Author Topic: The Silver Lining - Cease and Desist  (Read 257451 times)

Offline splat44

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Re: The Silver Lining - Cease and Desist
« Reply #340 on: March 04, 2010, 03:18:25 AM »
Regarding those petitions, I hope the admin or someone that might have contact with KQ original creators (Roberta and Ken Williams), can ask for their support

Additionally, Roberta and Ken might all places to contact and sending those petitions!


From what I've heard, Ken Williams has already signed the online petition :)

Seriously? That's good news!

Perhaps, you can locate few contacts especially those having contact with the "William" so you can ask them to get involved with the project's art work and ect... The Williams will know as they're the original creators.

At least the William care!

Offline Erpy

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Re: The Silver Lining - Cease and Desist
« Reply #341 on: March 04, 2010, 03:22:05 AM »
You might want to re-examine that Chrono project there Erpy.  Square stamped that project out because the team was hexxing the original Chrono Trigger ROM and hacking together their own story using pre-existing tilesets.

There was a leaked proof-of-concept from them a while back ago that ran on SNES9X and ZSNES and it was literally Chrono Trigger with a different arrangement of tiles.

Sorry, I didn't know that. That still doesn't invalidate the point that the project was using characters, locations and elements from a work owned by Square...which is all they needed. The hexxing-stuff is a detail, but unnecessary for Square to win a court case had it come to that.

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As for your implementation argument, that would only apply if Alexander was portrayed exactly as he was in KQ6... which he isn't.  He's older and taken on the mantle of rulership, which has changed him.  Even his outfit is different.  Copyright requires 10 changes, be they minor or major, in order to be considered a different implementation.

For a lot of your points, I think I'd best link to this article, particularly myth 2, 4, 6, 7 and 9. I could copy-paste that stuff in there, but I'd be wasting space. TSL is an obvious derivative work and minor changes like age or outfit don't change that.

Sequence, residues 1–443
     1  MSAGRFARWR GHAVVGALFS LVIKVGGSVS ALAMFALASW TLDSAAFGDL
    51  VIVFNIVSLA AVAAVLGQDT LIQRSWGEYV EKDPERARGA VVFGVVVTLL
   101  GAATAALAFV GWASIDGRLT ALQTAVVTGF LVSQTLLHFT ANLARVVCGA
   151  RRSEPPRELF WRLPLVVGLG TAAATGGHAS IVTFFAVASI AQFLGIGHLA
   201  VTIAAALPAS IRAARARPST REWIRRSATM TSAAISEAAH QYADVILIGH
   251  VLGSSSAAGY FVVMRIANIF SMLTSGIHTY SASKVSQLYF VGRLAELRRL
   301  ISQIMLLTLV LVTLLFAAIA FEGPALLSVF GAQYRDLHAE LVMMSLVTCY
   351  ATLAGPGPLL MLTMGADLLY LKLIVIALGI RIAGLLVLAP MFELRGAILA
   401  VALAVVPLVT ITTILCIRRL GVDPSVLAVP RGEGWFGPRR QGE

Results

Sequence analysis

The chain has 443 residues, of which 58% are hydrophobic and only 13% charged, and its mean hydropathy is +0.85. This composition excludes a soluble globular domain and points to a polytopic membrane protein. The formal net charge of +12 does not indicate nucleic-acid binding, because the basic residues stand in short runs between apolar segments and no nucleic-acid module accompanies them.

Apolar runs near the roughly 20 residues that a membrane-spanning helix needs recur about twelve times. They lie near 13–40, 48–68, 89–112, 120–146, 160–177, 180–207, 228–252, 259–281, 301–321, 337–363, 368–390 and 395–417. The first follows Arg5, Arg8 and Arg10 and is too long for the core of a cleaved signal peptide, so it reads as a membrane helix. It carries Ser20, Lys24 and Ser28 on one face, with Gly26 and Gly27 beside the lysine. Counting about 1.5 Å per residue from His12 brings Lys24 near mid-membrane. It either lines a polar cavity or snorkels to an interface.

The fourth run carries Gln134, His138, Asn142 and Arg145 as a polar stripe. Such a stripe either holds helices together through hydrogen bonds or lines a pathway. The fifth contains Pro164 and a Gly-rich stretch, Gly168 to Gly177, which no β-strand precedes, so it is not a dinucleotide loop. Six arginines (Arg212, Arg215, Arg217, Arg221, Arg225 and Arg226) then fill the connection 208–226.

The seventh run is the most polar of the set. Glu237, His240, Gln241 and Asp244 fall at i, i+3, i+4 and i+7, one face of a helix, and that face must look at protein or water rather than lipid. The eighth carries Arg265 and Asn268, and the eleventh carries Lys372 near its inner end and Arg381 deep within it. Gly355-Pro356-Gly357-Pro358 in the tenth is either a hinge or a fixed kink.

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And you can't say TSL is competing with Activision.  In order for it to compete, TSL would have to be called King's Quest IX (which it no longer is).  That and it'd be a kind of one-sided competition since Activision isn't working on a project of their own (there's articles a plenty floating around about Activisions stance on old properties and their refusal to make new games based on old properties).

The name change was simply to avoid trademark infringement. It's still for all intents and purposes a sequel to the preceeding KQ-games and if Activision were to make plans for a KQ-sequel themselves, canon issues would still arise for the target audience.

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Your argument about fiction versus interactive fiction is also moot.  Dungeons and Dragons has a lot of similarities to Lord of the Rings (halflings anyone???) but I've never seen the Tolkein Estate file a copyright lawsuit against TSR.  The difference?  Lord of the rings is fiction.  Dungeons and Dragons is interactive fiction.

If Dungeons and Dragons would have taken place in Middle Earth and made references to events depicted in Lord of the Rings, TSR definitely would have gotten in legal trouble, despite the fact it was interactive. But that wasn't the case.

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And 30% copyright infringement does not equal guilty in a court of law.  One of the members on the Facebook Group mentioned that Fair Use might apply to the situation.  And the member is correct.  Fair Use might actually apply here.  Unless your going to tell me Activision has the right to say that because TSL takes place on The Land of the Green Isles (which is different from what was in KQ6 I might add) and you play as a much older and slightly different looking Graham, Activision has the right to claim copyright infringement. Enough changes were made to differentiate TSL from it's licensed counterparts.  Copyright law would not empower Activision here.

Yes, I think I'm going to tell you that they would be able to claim that because the Land of the Green Isles was specifically made for KQ6 and plenty of things that identify it as the Land of the Green Isles were replicated here. Doesn't matter if it is in 3D now. The "essence" is still the same. The fair use clause is limited to parody, reviews and educational means. Since the use of the Land of the Green Isles (or King Graham of Daventry) is not required to make a fantasy adventure game, it's not fair use.

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And TSL was not cancelled.  Negotiations on a new non-commercial fan license (ala Vivendi) fell through and Activision responded with a C&D.

Still, it wasn't really copyright infringement. A few years back, VU simply said: "You have 2 choices. Choice A is shutting down or facing litigation if you refuse. Choice B is working out a fan license with us that allows you to continue for now, but everything you make will automatically be our legal property and the moment we terminate the agreement, you are obliged to cease and desist development/distribution". If Activision sent a C&D, that was overkill because terminating the license automatically involved stopping development.

« Last Edit: March 04, 2010, 04:58:25 AM by Erpy »

Offline koko_99_2001

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Re: The Silver Lining - Cease and Desist
« Reply #342 on: March 04, 2010, 04:22:47 AM »